This academic commentary on the case works to compliment my view that the decision in Smith lacks sufficient justification. The decision has contributed nothing to this issue, save for further complications and uncertainty. I find myself in agreeance with the opinion that the only real solution with regard to this judgement is to supersede it with legislation.
I strongly disagree with the decision reached by the High Court in this case. There are irreconcilable differences between the case at hand and Street v Mountford, the authority upon which this entire judgement relied. There was no point made throughout the course of the judgement to appease these differences. Thus, I believe that the application of Street to the circumstances of Smith was inappropriate. There was far more relevant case law that ought to have been considered. Such case law would have helped to establish some semblance of cohesion in this area, as well as providing for a more satisfactory outcome. Peart J. also went beyond the supervisory role of the court with regard to the formation and execution of commercial agreements. “What was on offer was a licence and [Mr. Smith] accepted that”, the courts have no place to try and rewrite an agreement in such an instance. Given the complexity and uncertainty cemented by this judgement, I believe that legislative intervention is the only feasible step towards improving this area of tenancy law in light of this questionable decision.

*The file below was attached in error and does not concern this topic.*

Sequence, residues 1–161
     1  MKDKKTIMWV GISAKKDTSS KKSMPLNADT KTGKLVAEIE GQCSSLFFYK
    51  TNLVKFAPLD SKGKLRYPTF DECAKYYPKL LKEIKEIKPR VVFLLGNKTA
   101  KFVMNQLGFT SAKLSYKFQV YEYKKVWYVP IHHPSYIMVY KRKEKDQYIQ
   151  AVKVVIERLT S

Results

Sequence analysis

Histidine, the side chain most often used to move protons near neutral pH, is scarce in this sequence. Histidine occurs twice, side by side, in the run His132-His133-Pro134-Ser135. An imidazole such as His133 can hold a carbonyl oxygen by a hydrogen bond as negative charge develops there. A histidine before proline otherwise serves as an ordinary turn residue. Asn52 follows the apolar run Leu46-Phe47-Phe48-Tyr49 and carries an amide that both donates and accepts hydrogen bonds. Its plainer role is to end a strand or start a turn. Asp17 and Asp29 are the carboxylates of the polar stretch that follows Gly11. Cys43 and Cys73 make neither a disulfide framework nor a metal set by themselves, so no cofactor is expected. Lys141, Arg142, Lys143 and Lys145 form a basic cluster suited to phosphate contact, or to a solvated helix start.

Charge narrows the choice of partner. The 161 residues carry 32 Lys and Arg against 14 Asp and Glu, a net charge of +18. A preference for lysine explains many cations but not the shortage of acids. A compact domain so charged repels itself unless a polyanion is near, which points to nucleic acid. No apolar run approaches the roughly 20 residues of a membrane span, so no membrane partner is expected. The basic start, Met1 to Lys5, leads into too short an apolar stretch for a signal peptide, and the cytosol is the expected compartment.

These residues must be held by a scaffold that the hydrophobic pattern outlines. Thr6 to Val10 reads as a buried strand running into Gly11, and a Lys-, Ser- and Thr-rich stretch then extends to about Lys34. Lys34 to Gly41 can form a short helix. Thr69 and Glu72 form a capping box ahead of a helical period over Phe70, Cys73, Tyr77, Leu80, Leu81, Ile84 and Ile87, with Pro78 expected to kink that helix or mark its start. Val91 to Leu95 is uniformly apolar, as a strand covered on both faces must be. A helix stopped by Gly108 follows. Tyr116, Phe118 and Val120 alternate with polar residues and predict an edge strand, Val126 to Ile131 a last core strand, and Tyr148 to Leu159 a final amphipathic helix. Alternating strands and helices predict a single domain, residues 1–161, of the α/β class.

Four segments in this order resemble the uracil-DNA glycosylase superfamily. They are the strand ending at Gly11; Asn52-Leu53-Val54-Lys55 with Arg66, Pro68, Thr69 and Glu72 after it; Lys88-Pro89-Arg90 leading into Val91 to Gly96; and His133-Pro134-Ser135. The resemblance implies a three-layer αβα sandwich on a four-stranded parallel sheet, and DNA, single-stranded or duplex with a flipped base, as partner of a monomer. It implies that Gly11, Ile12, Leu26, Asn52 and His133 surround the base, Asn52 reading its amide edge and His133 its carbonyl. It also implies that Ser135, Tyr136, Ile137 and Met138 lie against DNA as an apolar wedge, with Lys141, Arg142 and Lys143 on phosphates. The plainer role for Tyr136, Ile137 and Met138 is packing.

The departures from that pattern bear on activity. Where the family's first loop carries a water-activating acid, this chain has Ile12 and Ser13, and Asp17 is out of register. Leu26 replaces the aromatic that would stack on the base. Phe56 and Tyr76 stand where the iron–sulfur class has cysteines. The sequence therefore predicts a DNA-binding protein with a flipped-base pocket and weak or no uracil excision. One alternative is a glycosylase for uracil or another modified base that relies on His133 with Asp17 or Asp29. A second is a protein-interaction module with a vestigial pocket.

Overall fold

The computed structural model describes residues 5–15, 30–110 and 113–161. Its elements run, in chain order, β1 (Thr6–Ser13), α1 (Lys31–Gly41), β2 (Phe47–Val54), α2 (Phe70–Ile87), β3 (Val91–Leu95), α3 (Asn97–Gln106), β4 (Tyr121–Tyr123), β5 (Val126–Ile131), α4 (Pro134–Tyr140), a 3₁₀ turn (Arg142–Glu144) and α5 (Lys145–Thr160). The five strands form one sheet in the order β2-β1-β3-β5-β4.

IEHC 103
 Fiona de Londras, Principles of Irish Property Law (2nd edn, Clarus Press 2011), 401
  IEHC 103, p 4
 Ibid, p 37
 S 3, landlord and Tenant Law (Amendment) Act, Ireland 1860
  4 IR 147
 Fiona de Londras, Principles of Irish Property Law (2nd edn, Clarus Press 2011), 402
 LCR, Consultation Paper on the General Law of Landlord and Tenant (2003).
  A.C. 809
  IEHC 103, p 17
 Fiona de Londras, Principles of Irish Property Law (2nd edn, Clarus Press 2011), 403
  IEHC 103, p 17
  EWCA Civ 1304
 Supreme Court, unreported 18 June 1998
 High Court, unreported 11 December 1997
  IEHC 103, p 5
 Ibid, p 8
 Fiona de Londras, Principles of Irish Property Law (2nd edn, Clarus Press 2011) 404; Andrew Lyall and Albert Power, Land Law in Ireland (3rd edn, Round Hall 2010) 588; LRC, Consultation Paper on the General Law of Landlord and Tenant (2003) pp 22-31
 LRC, Consultation Paper on the General Law of Landlord and Tenant (2003), pp 29
 Fiona de Londras, Principles of Irish Property Law (2nd edn, Clarus Press 2011) 404
  IEHC 103, p 17